In 1952, a monthly magazine ‘Zingsol’ was published in Gangte dialect. Lamzasoi Chelmang, the first graduate among the Gangtes, edited the magazine. Following years witnessed the coming of ‘Sim le Mal’ a magazine in Thadou-Kuki dialect. The journal was also edited by SL Lunneh from Motbung. Magazines like ‘Penna Gam,’ ‘Muoltinchan,’ ‘Zouzam,’ etc appeared with their own tastes and colors. But they could not stand against the test of time due to financial shortage. One of the reasons for the short live of the publications could have been that nobody regarded journalism as a profession rather they considered it as a hobby.

However, the factor, which contributes to the rise and growth of journalism among the tribal people of Manipur, was encouraging. That, none of the publications were ever started with the attempt to criticize or attack someone or those who were in the authority. Rather, it was the increasing awareness and the need felt by them to address social issues that necessitated the bringing out of such publications. Another significant factor that contributes to the growth of journalism in the hills of Manipur is the ever increasing consciousness to protect and preserve their respective identities. This trend still prevails among them.

Tribal Newspapers: Past and Present

‘Thuthang’—The practice of daily newspaper publication among the tribal of Manipur started with the publication of ‘Thuthang,’ a daily newspaper in Zou dialect in 1971. This is said to be the oldest registered tribal newspaper. The paper was edited by T Gougin and was published from Churachandpur.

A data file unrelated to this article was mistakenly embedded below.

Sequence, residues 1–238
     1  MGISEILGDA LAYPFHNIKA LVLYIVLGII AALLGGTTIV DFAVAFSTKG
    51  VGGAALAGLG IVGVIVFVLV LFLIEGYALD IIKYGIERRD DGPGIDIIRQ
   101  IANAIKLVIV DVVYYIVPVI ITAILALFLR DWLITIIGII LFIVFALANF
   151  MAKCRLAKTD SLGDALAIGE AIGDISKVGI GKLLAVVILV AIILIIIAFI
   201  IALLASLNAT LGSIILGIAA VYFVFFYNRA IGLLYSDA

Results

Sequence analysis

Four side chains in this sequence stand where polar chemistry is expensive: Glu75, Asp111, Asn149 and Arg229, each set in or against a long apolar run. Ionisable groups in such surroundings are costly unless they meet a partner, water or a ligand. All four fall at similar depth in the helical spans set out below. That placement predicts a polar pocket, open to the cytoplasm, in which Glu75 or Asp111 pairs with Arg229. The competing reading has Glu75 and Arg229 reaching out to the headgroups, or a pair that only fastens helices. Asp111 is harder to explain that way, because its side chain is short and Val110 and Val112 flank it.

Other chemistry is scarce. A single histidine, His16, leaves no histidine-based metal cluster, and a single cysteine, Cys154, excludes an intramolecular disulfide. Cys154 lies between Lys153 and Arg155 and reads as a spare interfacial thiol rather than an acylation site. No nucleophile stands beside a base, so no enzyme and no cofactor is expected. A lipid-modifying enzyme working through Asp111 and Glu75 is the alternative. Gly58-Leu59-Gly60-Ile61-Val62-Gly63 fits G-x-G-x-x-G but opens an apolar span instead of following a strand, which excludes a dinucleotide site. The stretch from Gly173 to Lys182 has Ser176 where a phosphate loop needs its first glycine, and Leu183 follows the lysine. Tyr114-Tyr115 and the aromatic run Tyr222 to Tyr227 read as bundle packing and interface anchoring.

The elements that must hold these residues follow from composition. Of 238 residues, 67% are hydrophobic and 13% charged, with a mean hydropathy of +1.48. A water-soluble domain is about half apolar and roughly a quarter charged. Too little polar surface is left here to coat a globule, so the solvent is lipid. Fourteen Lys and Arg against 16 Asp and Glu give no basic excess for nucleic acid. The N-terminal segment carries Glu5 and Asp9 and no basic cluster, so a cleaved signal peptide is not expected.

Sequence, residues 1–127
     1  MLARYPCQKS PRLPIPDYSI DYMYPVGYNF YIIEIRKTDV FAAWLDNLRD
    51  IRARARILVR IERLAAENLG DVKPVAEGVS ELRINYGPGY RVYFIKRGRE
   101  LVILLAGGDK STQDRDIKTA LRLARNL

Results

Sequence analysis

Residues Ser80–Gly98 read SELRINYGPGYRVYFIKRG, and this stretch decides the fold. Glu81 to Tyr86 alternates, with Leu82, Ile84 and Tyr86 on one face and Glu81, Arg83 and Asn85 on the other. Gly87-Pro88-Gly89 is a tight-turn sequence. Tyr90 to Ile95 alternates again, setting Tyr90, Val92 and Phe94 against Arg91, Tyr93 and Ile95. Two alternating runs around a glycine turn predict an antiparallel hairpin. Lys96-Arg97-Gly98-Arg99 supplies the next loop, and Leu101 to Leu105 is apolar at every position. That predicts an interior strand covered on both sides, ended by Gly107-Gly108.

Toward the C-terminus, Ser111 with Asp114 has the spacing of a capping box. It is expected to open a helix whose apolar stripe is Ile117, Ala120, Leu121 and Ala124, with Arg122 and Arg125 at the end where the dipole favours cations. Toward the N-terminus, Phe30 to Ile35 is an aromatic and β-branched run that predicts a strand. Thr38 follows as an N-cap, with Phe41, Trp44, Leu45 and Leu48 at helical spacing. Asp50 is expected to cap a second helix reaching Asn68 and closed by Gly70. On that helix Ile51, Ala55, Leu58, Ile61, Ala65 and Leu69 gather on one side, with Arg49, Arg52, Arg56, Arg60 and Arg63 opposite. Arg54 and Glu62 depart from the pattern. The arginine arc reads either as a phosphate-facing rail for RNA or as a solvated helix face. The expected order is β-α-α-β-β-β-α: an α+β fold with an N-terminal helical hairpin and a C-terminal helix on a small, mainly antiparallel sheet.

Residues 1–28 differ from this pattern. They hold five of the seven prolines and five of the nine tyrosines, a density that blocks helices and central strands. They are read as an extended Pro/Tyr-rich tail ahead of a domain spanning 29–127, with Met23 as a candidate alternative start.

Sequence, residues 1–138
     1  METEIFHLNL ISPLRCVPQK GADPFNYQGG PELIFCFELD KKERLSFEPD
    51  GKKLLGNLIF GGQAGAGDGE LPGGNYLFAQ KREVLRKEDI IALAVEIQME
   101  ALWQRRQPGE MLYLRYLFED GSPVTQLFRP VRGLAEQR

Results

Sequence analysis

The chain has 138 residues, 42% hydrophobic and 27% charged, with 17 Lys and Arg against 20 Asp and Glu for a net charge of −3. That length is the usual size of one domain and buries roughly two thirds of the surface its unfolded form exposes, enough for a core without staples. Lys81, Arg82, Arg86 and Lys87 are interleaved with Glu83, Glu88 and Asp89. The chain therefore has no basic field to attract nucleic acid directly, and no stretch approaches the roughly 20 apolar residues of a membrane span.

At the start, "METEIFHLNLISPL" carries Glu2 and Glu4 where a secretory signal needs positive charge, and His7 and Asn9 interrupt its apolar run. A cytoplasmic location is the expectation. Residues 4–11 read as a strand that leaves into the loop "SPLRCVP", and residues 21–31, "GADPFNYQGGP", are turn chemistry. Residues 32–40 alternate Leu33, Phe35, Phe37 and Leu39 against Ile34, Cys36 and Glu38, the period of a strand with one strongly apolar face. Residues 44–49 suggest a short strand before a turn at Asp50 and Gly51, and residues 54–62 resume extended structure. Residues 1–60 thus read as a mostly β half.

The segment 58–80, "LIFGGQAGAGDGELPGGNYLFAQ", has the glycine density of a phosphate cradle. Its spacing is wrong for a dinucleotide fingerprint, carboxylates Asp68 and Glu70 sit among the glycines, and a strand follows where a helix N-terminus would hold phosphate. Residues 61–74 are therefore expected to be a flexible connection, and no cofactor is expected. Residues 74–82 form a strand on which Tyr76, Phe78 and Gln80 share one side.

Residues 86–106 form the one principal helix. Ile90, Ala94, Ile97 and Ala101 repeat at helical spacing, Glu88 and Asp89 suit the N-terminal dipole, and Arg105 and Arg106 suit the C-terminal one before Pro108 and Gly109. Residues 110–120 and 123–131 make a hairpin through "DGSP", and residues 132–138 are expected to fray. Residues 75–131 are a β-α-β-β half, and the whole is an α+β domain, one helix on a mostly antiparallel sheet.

‘Sikni-eng’ is the oldest existing tribal newspaper. CS Sitkill started it from Saikot in Churachandpur. This Mizo newspaper began to hit the stands on September 2, 1975. Kapthianga also edited the paper for one year during 1977-78. Its present editor, Lalhmingliana Torell edited and owned the newspaper from February 11, 1978. It enjoys readership among the Mizo-speaking community of Manipur and Mizoram. Another Mizo daily ‘Chhantu’ was also started in 1976 by F Hrangzuala.

‘Sumkawn,’ another newspaper of the tribal in Thadou-Kuki dialect was started in 1980 from Churachandpur. Its first editor was Mangjangam Touthang. A year later, the base of the newspaper was shifted to Imphal and was brought out from Tongvom Memorial Printing Press, New Lambulane, Imphal.

A Paite dialect newspaper, ‘Manipur Express’ was started in 1981 as a weekly journal. The periodicity of the journal was later changed into daily in 1983. L Chinkhanlian is its editor since its inception. It still survives with large command of readership among the tribal people of Manipur.

A Thadou-Kuki journal “Thinglhang Post” was started on October 1, 1982. It was started as a weekly journal by TN Haokip (Now Minister) from Churachandpur. The paper became a daily newspaper in the nineties. With the credo, ‘come and go,’ time saw the in and out of Thinglhang Post in the tribal media arena. An abortive attempt was made in 2005 for its revival.

‘Hmasawnna Thar’ a Hmar daily newspaper was launched on October 1, 1987 in Churachandpur by Lalmalsawm Sellate. The newspaper caters to the reading needs of the Hmar speaking populace. The paper continues to hit the stands till date. The paper achieved a feat when the editor of the paper was conferred the Manipur State Journalist Award in 2008.